Forensic psychology can be challenging but if you are resilient and willing to help and understand offenders, it could be the career for you
Your work as a forensic psychologist will mainly relate to the assessment and treatment of criminal behaviour. You'll work not only with prisoners and offenders, but also other professionals involved in the judicial and penal systems, and with victims of crime.
While you will be involved in criminal profiling, your role will stretch far beyond this. You'll be heavily involved in providing research-based evidence to develop policy and working practices, and you'll give evidence in court and advise parole boards and mental health tribunals. Your work will help to rehabilitate prisoners and you'll get the chance to support and train other staff.
You'll mainly work within HM Prison Service but may find work in:
The core part of working with offenders focuses on therapy in forensic settings where your tasks will involve:
You may be involved in:
Additional benefits of working in the prison service and the NHS include competitive pensions, annual leave entitlement and good sickness support.
Income data from HM Prison Service (HMPS) and the National Health Service (NHS). Figures are intended as a guide only.
As a forensic psychologist you'll usually work 9am to 5pm, with some flexibility required. Evening and weekend work may occasionally be needed, for example if you're running groups at the weekend or in the evening but you should typically work a 37-hour week.
Job-share and part-time working options are possible and you may be able to take a career break depending on the employer. With experience, it might be possible to become self-employed or carry out freelance work if you were to progress into consultancy.
To become a chartered forensic psychologist you will need:
Some universities offer a Doctorate programme in forensic psychology, combining the Masters and supervised practice, which also allows you to become chartered members of the BPS. For a list of all accredited courses, see BPS Accredited Psychology Courses.
To be able to use the title 'forensic psychologist' you must register with the HCPC. You need to successfully complete the BPS Qualification in Forensic Psychology (Stage 2) or an equivalent HCPC-approved qualification in order to be eligible for registration. Find out more about HCPC Registration.
You can't become a forensic psychologist without a psychology degree. While you may be able to enter at an assistant level, your progression will be limited unless you carry out further study to achieve GBC.
You will need to show:
Competition is fierce for both accredited Masters courses and entry-level forensic psychologist jobs. To succeed in both, it's crucial that you build up as much work experience as possible. You'll have an advantage if you can show course tutors that you have mentored young offenders or done voluntary work with organisations such as the Witness Service or Victim Support.
Preference for jobs will usually be given to those with experience of working in a forensic setting. This may include work within prisons, the probation service or social services, or as a psychological assistant or operational support grade (OSG).
You may also be able to gain valuable experience in a range of settings such as:
Find out about potential work experience opportunities through:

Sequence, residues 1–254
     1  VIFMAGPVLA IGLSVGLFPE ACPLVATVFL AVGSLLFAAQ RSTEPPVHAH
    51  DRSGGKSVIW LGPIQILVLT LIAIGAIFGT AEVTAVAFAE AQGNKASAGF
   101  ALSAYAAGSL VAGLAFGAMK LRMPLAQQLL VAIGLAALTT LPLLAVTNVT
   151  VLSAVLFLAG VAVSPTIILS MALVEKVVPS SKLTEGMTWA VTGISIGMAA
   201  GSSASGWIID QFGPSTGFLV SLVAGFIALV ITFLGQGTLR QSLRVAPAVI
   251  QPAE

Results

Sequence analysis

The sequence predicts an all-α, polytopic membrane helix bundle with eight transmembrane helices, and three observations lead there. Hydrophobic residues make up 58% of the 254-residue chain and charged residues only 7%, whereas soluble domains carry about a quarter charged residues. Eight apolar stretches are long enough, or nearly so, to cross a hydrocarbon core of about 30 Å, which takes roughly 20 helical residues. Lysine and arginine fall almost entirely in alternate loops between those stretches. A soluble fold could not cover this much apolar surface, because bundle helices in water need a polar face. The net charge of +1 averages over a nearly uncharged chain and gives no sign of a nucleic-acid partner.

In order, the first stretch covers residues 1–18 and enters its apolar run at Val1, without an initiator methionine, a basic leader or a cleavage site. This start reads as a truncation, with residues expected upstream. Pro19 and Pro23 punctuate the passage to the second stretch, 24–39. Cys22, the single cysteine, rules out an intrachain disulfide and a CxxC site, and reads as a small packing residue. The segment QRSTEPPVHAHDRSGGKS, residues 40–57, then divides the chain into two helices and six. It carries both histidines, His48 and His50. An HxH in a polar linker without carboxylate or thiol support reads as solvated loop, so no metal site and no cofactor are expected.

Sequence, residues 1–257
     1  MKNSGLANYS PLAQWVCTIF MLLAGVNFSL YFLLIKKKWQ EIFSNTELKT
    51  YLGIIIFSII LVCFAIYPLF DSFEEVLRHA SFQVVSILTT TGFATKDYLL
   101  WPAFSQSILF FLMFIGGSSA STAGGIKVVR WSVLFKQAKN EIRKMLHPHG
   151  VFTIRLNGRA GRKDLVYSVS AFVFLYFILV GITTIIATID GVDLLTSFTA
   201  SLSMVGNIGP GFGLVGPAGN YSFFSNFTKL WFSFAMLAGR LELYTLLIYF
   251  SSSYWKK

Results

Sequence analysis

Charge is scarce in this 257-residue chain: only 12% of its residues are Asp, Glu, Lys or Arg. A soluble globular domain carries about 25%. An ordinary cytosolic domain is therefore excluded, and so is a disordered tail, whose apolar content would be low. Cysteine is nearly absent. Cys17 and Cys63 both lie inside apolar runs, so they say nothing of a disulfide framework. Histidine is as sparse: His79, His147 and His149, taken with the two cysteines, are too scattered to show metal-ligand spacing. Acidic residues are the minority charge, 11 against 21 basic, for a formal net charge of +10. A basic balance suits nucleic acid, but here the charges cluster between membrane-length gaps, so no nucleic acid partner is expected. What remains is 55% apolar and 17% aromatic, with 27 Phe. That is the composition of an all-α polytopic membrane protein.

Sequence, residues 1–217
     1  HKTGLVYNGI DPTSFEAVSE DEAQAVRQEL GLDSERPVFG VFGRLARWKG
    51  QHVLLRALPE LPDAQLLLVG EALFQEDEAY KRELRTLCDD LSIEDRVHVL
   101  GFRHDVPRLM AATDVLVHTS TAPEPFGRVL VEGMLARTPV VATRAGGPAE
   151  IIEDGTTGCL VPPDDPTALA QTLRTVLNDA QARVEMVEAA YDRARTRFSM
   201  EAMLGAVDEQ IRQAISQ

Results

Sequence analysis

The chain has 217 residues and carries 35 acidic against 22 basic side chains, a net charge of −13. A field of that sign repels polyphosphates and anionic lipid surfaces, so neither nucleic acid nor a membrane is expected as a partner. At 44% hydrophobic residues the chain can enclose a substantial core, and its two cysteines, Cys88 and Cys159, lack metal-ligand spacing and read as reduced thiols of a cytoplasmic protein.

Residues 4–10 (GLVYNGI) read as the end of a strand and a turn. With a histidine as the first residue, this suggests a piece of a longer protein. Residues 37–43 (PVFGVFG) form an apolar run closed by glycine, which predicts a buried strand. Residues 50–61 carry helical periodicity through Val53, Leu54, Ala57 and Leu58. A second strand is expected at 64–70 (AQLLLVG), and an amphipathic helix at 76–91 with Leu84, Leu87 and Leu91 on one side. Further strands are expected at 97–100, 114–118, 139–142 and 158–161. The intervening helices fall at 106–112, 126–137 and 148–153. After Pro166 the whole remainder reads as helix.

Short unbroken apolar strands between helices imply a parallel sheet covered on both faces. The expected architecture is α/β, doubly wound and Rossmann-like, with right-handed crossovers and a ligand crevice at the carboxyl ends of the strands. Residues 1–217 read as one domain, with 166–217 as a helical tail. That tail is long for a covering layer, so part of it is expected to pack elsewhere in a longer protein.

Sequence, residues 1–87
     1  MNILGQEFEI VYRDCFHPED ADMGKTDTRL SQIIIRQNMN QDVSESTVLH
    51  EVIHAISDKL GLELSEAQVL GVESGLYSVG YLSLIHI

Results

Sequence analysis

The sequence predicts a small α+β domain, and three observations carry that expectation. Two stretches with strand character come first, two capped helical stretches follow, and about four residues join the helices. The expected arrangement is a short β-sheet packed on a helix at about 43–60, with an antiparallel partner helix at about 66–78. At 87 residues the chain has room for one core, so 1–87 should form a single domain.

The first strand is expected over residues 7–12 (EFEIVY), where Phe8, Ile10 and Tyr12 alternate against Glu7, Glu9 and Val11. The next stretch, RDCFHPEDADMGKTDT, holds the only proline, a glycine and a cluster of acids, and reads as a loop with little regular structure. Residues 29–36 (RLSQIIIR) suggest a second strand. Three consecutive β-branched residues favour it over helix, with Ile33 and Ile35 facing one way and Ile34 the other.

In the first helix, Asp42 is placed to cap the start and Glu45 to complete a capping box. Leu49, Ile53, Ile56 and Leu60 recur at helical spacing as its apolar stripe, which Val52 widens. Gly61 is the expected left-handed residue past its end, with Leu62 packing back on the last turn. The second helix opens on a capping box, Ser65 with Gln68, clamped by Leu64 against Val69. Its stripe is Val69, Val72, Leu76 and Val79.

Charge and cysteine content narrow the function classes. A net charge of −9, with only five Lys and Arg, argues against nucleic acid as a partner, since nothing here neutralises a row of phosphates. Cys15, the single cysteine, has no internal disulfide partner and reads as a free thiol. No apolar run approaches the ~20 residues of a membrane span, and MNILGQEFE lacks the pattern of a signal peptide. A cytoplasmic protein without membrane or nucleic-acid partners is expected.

You will work in the criminal and civil justice field, where the main employer of forensic psychologists is HM Prison Service. Other recruiters include:
Look for job vacancies at:
Once you're qualified as a forensic psychologist, you must carry out continuing professional development (CPD) in order to stay registered with the Health & Care Professions Council (HCPC). CPD helps to keep your skills and knowledge up to date and relevant activities can include:
You must keep a record of all CPD activities and be able to provide a written profile, which explains how you've met the standards for CPD if requested. Find out more at HCPC Continuing Professional Development.
You may be encouraged by your employer to develop skills in teaching, training or supervising others and will receive regular clinical and professional supervision from experienced colleagues. It's possible to carry out further research at PhD level or to specialise in a particular area of forensic psychology, e.g. the assessment and treatment of sexual offenders.
Progression within HM Prison Service is based on your ability and experience. More opportunities may be available if you're willing to relocate. As a qualified psychologist you'll be able to progress into a number of roles, including developing policy, management or delivery of services.
With further experience you may be appointed to a senior psychologist post, for example, in the management of a sex offender treatment programme, or to a principal level, with overall responsibility for the management and delivery of offending behaviour programmes.
There are also opportunities to move sideways to other employers, for example, from the prison service to the National Health Service (NHS). There are a range of job opportunities in the NHS, including treatment leads for therapy initiatives and supporting the forensic wards. You can also progress to very senior management levels, such as head of services.
Freelance work and self-employment is sometimes possible, for example, you could move into consultancy in a forensic context. To succeed in this you need a lot of experience and skills in areas such as financial management, marketing and time management.